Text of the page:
In Fort Collins, Colorado, there’s a place where athletes train seven days a week.
The gym, run by Ryan Schultz, is called Trials Mixed Martial Arts and it’s not an ordinary gym.
“This gym isn’t for your average person,” Schultz says “You’re going to be pushed here. You’re going to be tested. Overall, I think this place is for everybody. I think you just have to have the right mind set.”
This gym is opened to athletes, and Schultz said that includes everyone.
“If you’re an adaptive athlete, for example someone who had their leg removed, we have stuff for you as well here,” Schultz says. “But our mentality here is that there’s no laying down in life. Life doesn’t wait for anybody. I think that when people get a disease, or some sort of diagnosis it’s overwhelming for them and they tend to shut down. That’s more of the time to keep moving forward.”
Schultz has multiple programs running through his gym. One of the programs was started by him and his friend Glenn Beach.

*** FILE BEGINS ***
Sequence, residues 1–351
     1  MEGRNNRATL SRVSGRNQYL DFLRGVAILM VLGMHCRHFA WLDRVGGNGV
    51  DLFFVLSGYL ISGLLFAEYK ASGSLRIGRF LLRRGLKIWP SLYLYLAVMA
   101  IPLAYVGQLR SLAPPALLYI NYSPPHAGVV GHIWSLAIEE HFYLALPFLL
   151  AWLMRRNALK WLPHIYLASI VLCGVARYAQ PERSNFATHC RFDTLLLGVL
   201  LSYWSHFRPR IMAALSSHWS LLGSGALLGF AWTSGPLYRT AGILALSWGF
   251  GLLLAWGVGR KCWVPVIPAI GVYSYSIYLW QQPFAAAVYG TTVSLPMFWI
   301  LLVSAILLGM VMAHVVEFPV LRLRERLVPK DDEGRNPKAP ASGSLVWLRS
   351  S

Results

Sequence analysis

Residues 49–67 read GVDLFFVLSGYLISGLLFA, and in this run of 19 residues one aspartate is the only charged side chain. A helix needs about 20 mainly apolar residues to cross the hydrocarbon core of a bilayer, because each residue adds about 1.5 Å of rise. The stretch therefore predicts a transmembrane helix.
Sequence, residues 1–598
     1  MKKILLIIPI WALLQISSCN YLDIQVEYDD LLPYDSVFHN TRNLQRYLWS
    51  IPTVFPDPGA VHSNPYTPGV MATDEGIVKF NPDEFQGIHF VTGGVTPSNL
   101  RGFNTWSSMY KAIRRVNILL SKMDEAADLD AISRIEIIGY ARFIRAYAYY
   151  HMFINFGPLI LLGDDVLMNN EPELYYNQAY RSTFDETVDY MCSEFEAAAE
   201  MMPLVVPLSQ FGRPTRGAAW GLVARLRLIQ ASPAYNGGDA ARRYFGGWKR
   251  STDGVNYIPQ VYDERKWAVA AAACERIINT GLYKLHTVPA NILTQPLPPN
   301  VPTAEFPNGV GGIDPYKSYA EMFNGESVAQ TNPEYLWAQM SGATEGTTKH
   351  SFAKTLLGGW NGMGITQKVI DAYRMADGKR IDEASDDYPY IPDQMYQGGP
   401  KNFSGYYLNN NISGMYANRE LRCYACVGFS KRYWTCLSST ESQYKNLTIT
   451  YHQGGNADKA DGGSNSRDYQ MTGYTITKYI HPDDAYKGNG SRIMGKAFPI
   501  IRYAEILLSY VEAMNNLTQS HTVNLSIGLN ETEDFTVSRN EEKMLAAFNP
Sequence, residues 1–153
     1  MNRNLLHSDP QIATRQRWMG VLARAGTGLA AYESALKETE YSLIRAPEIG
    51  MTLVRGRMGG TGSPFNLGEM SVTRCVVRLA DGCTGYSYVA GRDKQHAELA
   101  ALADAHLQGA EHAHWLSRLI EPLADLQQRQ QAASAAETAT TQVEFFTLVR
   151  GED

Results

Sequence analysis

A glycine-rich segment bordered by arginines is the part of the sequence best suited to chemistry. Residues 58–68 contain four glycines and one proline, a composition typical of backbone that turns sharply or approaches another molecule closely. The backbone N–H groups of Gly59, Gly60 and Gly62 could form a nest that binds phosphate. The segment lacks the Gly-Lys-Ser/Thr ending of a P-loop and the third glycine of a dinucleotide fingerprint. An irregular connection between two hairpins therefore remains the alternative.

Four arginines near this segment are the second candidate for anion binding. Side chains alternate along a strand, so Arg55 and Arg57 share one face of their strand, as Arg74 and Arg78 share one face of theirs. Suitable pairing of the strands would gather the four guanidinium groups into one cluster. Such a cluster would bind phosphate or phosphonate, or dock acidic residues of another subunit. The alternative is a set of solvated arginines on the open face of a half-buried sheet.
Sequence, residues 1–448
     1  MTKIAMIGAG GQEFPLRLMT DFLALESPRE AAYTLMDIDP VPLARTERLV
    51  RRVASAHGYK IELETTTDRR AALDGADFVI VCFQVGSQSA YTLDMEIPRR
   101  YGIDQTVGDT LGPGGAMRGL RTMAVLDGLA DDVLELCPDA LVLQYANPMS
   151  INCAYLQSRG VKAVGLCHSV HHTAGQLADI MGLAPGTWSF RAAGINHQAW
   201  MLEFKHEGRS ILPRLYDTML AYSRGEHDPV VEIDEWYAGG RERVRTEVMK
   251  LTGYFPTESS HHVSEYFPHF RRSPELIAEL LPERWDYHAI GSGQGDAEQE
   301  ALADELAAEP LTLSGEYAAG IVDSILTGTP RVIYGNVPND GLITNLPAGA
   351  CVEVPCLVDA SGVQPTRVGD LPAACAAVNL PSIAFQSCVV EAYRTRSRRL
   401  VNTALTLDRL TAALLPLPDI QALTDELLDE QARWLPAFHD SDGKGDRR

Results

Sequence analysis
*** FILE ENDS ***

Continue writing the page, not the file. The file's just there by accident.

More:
“I was diagnosed with Parkinson’s disease five years ago,” Beach says. “And I’ve been training with Ryan to help treat it.”
“Glenn brought to me the Rock Steady Program,” Schultz says. “I like Rock Steady, because they have research that proves this type of program works.”
Rock Steady uses boxing to help those fighting Parkinson’s. Beach says this program changed his life.
“I’ve had, I would say, a 100 percent improvement,” Beach says. “I had no control over my left hand. Now, I only have a subtle tremor every once in a while. It’s so much more manageable now, and a lot of it has to do with the training I got through Rock Steady.”
The course is offered three times a week, and the workouts take about one hour. Beach says that the class does progress assessments every six to 12 months.
According to the Parkinson’s Disease Foundation, it's estimated 1 million people in the United States are diagnosed with Parkinson’s disease. The foundation reports more than 60,000 people are diagnosed each year.